to plank or not to plank

Posted by on Nov 12, 2013 in Pre/Post-natal Yoga | Comments Off on to plank or not to plank

In a non-prenatal yoga flow practice there are many poses which focus on abdominal strengthening, and many of us instructors often add in additional bursts of abs work throughout.  In the prenatal class, however, the focal area of the flow changes, generally, down to the legs and hips (to boost circulation, create softness and openness and to build strength in supportive muscle groups).  Why not a continuation of strengthening abdominal work into pregnancy?  Why do we stop the planks?  Let’s go there…

There are different sets of abdominal muscles, each working in different ways to support you.  The transversus abdominis muscles that run deep and low are important stability muscles.  They provide a “corset” of sorts to hold you strong and supported.  They also help to protect your lower back from strain and, in labor and delivery, are important muscles for pushing the baby downward.  Together, the transversus abdominis, the pelvic floor, deep muscles of the back body, and the psoas (which connects the spine to the pelvis), create the true “core”.   There are also more superficial abdominal muscles such as the rectus abdominis which many of us mistakenly assume provide “core” strength as they are the ones that create the elusive 6-pack formation.

There is no debating that a well-toned core (note, I am talking “core” not “abs”) is beneficial to a pregnant woman.  Her spine will be better supported, her posture will hold despite the shifts taking place along the spine, she will have less issue with low back pain and inner groin pain, and will also have an easier time pushing out the baby.  Pelvic tilts are a great way to continue with the safe toning of the transversus abdominis muscles, and should be done continuously through the pregnancy to keep the integration of the core and to help prevent or reduce the splitting of the rectus abdominis, or diastasis recti.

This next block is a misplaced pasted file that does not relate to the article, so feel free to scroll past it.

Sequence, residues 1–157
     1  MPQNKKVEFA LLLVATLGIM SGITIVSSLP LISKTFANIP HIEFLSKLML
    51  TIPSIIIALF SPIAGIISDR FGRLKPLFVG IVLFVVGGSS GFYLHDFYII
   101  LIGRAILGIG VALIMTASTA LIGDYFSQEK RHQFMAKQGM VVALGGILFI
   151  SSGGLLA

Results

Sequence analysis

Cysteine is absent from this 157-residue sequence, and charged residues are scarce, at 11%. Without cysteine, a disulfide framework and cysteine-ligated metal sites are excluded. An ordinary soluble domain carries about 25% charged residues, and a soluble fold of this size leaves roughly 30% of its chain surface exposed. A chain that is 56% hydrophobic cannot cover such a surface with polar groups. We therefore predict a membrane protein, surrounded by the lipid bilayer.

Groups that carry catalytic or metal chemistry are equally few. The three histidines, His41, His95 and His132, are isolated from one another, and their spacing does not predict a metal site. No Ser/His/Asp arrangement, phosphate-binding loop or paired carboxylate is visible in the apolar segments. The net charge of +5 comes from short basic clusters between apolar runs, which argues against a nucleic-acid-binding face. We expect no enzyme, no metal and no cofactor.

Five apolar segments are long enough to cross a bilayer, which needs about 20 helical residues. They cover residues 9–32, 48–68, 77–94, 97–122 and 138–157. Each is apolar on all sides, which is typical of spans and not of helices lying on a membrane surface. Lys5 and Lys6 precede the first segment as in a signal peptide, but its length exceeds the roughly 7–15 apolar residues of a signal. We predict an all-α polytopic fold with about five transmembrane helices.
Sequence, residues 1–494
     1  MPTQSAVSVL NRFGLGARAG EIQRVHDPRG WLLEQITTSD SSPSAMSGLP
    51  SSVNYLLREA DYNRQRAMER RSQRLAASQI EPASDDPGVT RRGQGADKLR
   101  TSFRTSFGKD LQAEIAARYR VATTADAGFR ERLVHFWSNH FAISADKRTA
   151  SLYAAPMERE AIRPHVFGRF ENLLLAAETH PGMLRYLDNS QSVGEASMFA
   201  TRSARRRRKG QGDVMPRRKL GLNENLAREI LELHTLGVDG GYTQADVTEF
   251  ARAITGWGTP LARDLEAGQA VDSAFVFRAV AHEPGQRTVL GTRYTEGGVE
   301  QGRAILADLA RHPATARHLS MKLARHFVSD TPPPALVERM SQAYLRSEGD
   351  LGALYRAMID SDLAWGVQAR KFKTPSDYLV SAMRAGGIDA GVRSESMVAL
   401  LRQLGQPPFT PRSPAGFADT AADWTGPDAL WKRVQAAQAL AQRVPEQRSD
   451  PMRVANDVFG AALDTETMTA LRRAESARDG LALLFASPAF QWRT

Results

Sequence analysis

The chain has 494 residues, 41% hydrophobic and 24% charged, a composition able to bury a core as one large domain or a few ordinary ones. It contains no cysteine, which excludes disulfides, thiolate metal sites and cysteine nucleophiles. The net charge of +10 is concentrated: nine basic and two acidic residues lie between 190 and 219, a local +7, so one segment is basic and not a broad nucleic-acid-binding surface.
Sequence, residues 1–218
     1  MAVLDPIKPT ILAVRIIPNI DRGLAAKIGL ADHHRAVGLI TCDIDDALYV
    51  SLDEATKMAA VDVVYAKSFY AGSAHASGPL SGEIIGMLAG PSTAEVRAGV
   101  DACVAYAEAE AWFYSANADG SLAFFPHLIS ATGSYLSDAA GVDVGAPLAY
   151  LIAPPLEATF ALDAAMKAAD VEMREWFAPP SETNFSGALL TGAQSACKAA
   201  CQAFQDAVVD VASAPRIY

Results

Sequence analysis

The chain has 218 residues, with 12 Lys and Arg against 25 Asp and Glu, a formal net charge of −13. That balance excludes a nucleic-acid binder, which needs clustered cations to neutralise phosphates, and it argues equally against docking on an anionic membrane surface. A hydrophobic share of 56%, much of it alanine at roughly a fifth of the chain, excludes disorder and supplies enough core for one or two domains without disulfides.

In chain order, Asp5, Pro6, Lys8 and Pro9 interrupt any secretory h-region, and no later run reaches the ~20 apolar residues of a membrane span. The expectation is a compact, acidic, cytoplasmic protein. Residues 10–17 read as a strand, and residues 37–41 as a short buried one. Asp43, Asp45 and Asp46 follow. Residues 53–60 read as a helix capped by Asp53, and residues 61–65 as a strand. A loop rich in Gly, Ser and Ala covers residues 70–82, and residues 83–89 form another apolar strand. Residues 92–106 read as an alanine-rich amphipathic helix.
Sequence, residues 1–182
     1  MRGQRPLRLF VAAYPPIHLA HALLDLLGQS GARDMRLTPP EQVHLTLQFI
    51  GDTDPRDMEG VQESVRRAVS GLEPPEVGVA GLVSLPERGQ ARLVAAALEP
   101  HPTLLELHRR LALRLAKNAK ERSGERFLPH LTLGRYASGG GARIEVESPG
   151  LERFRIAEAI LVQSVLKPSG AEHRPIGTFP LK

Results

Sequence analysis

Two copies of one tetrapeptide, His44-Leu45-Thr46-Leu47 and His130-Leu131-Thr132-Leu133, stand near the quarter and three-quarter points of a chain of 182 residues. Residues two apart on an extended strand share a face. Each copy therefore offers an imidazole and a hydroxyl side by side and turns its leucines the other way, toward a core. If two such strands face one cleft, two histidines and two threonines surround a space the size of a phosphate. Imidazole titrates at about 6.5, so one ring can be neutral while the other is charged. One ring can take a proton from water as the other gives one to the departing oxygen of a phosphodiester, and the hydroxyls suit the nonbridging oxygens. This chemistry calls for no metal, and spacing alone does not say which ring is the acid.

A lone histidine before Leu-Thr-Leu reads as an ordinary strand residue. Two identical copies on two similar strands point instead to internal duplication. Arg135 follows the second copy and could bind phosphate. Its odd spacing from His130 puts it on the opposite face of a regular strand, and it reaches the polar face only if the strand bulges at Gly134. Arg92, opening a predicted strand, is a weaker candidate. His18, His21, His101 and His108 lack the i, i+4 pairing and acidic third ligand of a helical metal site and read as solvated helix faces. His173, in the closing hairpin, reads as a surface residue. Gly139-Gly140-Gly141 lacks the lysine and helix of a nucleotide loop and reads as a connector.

Diastasis is when the meeting point of the rectus abdominis muscles begin to move apart as the baby begins to grow bigger in the second trimester and beyond (or, if it’s not the first pregnancy, it can happen even sooner).  There is debate as to whether it’s due to an overly soft core or overly tight one that increases the chances of diastasis.  Anecdotally, however, I can personally vouch for many fit women with active lifestyles who developed diastasis.  And I know that in my own case, I had continued with a full vinyasa practice into my 7th month.  After moving through a strong practice and (completely unaware of any risk) holding long reps of abs-intense navasana (boat pose), I went to bed and awoke the next morning feeling like my middle had been kicked by a horse.  I looked down to see a gap running down the middle of my baby belly.  We do know that is that it is very typical for most women to experience at least a very small parting of the abdominals along the midline in pregnancy as baby grows.  And we also know that a continued strengthening (which also means shortening and contracting) of the rectus abdominis can lead to a further pulling away from the midline, or a worsening case of diastasis.